The City of Calgary has been celebrating hometown achievements and innovative contributions by Calgarians with The Calgary Awards since 1994. In it’s first year of operation, MRU Conservatory was presented with the Award for Accessibility for the Taylor Centre for the Performing Arts.
“We’re honoured.” Says Elaine Danelesko, Director of the MRU Conservatory. “It’s a marvellous design and we’re pleased to have the facility contributing to the arts culture in Calgary.”
The 95,000 square foot building, which broke ground in 2011, features many soundproofed studio spaces and classrooms along with performance venues like the versatile TransAlta Pavilion and the acoustically pristine Bella Concert Hall. It is home to the MRU Conservatory and it’s 10,000 registrants in the student programs, performances and ensembles.
Danelesko simply states, “It feels like a fitting honour as our goal is to be an inclusive space for all Calgarians to practice, perform and enjoy the arts.”
The categories assessed by the panel are Accessible Entry, Accessible Parking, Accessible Seating and more. With special attention to audience experience, there are seats with removable armrests for those attending in a wheelchair, and restrooms and water fountains on all levels of the building. The space, which is already making waves in audio circles about its amazing acoustic design, wants a totally inclusive audio experience. So, it has Infrared assistive listening devices available for all to enjoy the music and spoken word performances in either performance space.
This comes at a great time for the institution as programs are already underway for the Fall semester’s music and speech arts studies. In addition, the MRU Conservatory is about to launch the Music To Your Ears concert season, which features over 25 events from performers ranging from Ziggy Marley (Oct. 13) and Chris Hadfield (Nov. 26th) to Brian Blade and the Fellowship Band (Jan. 29, 2017) to Land’s End Ensemble (May 26. 2017).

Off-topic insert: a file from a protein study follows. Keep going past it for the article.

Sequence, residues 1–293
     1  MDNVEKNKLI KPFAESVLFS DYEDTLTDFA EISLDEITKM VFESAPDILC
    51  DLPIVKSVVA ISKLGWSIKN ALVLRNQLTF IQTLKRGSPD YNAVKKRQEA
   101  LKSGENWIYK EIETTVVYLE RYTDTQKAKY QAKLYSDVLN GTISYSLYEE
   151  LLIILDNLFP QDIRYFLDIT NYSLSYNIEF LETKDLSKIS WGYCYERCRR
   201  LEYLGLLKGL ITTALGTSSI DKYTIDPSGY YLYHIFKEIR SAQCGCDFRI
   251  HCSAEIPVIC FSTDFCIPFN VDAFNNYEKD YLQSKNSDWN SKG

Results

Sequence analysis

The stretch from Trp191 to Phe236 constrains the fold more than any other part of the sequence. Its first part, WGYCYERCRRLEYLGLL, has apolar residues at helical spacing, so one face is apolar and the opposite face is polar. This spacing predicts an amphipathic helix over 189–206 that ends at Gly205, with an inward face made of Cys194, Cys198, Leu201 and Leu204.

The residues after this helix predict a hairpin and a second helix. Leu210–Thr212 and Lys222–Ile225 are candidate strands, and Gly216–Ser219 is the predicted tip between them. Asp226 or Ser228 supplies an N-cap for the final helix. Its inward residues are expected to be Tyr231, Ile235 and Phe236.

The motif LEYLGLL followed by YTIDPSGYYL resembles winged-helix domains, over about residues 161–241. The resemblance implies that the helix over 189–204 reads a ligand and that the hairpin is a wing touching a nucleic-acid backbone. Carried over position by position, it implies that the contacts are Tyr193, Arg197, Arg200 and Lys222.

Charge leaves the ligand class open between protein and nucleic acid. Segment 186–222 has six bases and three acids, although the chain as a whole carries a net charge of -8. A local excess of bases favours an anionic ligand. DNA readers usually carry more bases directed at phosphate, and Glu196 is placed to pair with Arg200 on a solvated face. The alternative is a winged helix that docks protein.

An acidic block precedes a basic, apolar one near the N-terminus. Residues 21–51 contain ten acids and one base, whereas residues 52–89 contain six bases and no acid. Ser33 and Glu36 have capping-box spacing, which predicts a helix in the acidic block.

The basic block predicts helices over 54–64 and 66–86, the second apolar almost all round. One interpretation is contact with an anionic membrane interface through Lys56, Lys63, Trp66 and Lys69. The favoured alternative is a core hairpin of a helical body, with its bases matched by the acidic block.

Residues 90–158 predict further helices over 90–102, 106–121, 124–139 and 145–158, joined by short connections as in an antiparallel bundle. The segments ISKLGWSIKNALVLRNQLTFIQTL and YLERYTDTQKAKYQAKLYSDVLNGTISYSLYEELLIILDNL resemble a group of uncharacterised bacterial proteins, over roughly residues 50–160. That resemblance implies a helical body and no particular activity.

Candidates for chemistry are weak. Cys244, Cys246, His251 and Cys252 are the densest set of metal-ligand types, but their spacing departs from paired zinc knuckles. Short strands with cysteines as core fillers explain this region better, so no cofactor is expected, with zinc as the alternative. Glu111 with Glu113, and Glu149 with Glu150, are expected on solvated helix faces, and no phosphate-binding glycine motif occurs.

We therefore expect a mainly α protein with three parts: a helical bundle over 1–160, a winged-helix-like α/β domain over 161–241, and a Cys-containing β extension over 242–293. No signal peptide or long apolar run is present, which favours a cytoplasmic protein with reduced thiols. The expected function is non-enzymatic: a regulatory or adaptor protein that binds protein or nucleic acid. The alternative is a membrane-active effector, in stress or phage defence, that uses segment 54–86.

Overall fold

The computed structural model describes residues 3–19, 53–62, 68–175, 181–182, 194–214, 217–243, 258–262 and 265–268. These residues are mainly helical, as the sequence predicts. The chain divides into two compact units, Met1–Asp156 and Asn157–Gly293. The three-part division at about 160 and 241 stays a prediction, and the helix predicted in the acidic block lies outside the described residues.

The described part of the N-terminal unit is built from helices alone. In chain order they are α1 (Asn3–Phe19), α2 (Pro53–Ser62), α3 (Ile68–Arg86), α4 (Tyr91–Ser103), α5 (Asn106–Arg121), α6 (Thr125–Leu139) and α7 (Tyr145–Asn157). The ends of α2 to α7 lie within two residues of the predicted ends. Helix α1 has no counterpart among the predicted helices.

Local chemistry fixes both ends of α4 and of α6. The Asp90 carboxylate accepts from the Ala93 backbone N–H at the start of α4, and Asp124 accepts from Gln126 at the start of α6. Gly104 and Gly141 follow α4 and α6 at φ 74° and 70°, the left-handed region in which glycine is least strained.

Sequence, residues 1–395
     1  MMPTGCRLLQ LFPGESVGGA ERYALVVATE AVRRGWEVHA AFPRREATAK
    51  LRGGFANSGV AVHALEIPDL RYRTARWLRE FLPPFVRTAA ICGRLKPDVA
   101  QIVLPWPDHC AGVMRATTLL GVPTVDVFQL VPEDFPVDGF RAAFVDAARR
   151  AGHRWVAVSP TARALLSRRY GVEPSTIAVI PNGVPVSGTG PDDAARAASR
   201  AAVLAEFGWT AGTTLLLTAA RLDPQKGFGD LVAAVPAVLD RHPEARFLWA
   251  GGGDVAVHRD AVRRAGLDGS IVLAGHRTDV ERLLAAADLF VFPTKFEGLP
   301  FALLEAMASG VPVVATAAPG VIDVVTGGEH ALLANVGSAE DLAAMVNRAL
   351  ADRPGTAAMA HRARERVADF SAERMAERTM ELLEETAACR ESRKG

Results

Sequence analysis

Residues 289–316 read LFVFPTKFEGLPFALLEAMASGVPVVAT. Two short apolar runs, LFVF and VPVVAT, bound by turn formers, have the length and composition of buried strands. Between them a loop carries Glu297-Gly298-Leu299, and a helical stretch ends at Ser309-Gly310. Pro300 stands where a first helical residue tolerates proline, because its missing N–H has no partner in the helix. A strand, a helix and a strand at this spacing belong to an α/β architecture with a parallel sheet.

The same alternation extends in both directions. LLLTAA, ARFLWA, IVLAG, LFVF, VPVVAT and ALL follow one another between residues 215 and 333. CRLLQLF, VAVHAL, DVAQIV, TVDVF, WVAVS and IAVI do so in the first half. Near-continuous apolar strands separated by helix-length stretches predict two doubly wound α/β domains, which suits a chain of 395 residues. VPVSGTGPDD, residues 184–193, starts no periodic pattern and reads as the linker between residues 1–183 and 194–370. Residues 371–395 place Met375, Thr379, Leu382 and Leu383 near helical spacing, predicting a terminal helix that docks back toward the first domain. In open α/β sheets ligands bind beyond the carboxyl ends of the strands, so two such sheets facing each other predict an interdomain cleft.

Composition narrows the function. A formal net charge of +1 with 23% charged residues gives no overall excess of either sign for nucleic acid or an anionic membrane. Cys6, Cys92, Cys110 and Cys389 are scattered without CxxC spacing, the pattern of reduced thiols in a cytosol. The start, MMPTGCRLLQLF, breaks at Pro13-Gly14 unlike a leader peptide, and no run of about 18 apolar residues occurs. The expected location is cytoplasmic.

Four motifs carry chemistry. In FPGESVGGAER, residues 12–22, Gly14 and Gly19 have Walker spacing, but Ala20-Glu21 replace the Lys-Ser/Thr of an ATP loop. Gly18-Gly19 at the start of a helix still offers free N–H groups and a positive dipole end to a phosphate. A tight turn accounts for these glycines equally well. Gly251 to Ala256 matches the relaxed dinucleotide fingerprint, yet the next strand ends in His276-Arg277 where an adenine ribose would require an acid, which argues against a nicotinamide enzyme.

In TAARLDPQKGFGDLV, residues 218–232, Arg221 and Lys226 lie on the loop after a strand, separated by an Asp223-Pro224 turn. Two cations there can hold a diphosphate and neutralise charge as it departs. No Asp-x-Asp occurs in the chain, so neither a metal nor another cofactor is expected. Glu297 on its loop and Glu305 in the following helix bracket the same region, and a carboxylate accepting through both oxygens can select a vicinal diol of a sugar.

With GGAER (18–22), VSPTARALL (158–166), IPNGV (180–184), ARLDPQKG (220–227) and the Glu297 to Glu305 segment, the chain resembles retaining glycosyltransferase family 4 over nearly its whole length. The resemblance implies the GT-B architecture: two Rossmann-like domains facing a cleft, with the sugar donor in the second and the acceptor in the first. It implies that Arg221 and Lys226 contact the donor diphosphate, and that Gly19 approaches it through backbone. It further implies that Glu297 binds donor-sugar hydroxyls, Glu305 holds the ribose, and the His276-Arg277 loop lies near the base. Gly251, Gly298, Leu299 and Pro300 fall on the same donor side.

Award-winning accessibility seems to be part of the new mandate at the MRU Conservatory.
“We want to invite everyone to experience the Taylor Centre,” says Artistic Program Coordinator Mark DeJong. “With a diverse offering from reggae to classical, jazz to opera, there’s accessible performances for everyone.”
It turns out the Taylor Centre for the Performing Arts is in good company with several prominent fellow community builders. The Calgary Awards are given in 16 categories including Community Achievement Awards, Signature Award, presented to philanthropist Richard F. Haskayne and the Citizen of the Year Award, which went to Big Brothers Big Sisters board member David Pickersgill.
With the design of being ‘barrier-free’ to all, there’s no doubt that countless will enjoy accessing all that the Taylor Centre has to offer as a cultural hub for all in the Heart of the New West.
– by JLove